I've been working in emergency medicine for about 1 year in a setting with a good mixture of high acuity and fastrack patients at a teaching institution. I've also worked during this time per diem at a low volume urgent care. While this has been an outstanding first job in terms of resume building and learning, it of course has the downside of wild hours, nights, weekends, holidays, etc. at a rather noncompetitive hourly rate/salary. I don't hate the job, but I also don't see myself doing emergency medicine forever. Or at least...not at this salary.
For those who started in emergency medicine, what are your thoughts on transitioning to an urgent care job? I have heard some describe a miserable existence of patient volumes upwards of 60 patients a day, but I am guessing this is very dependent on the institution. Are there other specialties that make for a natural transition from emergency medicine? Am keeping all my options open at this point. Thanks!
This course is designed to be a "scan and surf" adventure with the education ending at 2 pm each day so participants have time to enjoy the location. With so much to do in Huntington Beach and the hotel offering a Beach Amenities Program, the SEMPA Ultrasound Course is the perfect balance of education and fun!
The course will provide point-of-care ultrasound training to physician assistants working in emergency medicine. Didactic sessions will focus on concise, useful information, images, and video. Most importantly, participants will have the opportunity to learn the necessary skills through hands-on teaching and practice on models under the guidance of experienced faculty and sonographers.
Upon completion of this program participants should be able to:
List the standard views or “windows” for each of the six primary areas of emergency ultrasound - trauma, aorta, biliary, cardiac, pelvic and procedural applications
Accurately interpret point of care ultrasounds
Demonstrate the standard views or “windows” for each of the six primary areas of emergency ultrasound - trauma, aorta, biliary, cardiac, pelvic and procedural applications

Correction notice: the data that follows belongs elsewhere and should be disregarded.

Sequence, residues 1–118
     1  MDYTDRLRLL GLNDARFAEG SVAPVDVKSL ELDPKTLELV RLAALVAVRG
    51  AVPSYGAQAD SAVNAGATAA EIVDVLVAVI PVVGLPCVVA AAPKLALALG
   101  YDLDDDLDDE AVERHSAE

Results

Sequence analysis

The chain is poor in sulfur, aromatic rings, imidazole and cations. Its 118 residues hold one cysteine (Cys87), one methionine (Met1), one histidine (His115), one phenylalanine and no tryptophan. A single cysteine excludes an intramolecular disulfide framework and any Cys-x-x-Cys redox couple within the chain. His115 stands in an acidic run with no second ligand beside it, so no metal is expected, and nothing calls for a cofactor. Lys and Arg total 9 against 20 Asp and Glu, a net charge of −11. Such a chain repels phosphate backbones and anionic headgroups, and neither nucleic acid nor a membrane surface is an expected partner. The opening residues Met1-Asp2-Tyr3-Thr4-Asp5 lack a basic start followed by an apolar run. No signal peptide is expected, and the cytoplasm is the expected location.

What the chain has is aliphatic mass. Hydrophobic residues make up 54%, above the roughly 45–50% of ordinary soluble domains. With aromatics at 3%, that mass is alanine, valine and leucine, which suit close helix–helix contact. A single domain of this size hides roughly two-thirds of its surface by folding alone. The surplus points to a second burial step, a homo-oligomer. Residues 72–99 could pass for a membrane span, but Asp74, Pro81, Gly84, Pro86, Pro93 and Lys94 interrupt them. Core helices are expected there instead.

Limited to 50 participants
1:5 faculty to student ratio
Hands-on scanning of live models
Simulation technology incorporated
Lots of practice time
Earn CME towards your EM-CAQ
Faculty from emergency ultrasound fellowship programs
Learn the core applications to emergency ultrasound
Time to enjoy all Huntington Beach has to offer
For more information and to register:
The University of California San Francisco (UCSF) - Fresno Emergency Medicine PA Residency is accepting applications for the 2020 application cycle. This 18-month postgraduate program, affiliated with the UCSF School of Medicine, is designed to prepare PAs to practice in a variety of emergency medicine environments.
We will be accepting 2 residents in 2020. The class will start June 29, 2020 but we will be offering rolling admissions into the Fall for accepted applicants who have a later PA school graduation date.
Deadline to apply is January 15, 2020.
Pediatric Emergency Medicine
Oral Maxillofacial Surgery
Resuscitation courses include: ACLS, ATLS, BLS, PALS
18-month stipend: $90,000
Benefits include medical, dental, vision, life insurance, disability insurance, 401k, employee assistance program, 4 weeks of vacation, membership in the Society of Emergency Medicine Physician Assistants (SEMPA), UCSF email access, textbook, malpractice coverage, and more.
Paid travel to SEMPA 360, SEMPA's annual conference.
Our state-of-the-art ED at Community Regional Medical Center serves as the only Level 1 Trauma Center/Burn Center for Central California, and handles an annual ED volume of over 110,000.
The Department of Emergency Medicine hosts fellowships in Emergency Ultrasound, Medical Education, and Wilderness Medicine. Our faculty are involved with EM:RAP, EMS, wilderness medicine, ultrasound, medical education, toxicology, international emergency medicine, and more. They are also leaders within ACEP and SEMPA.
For more information, please see the attached flyer.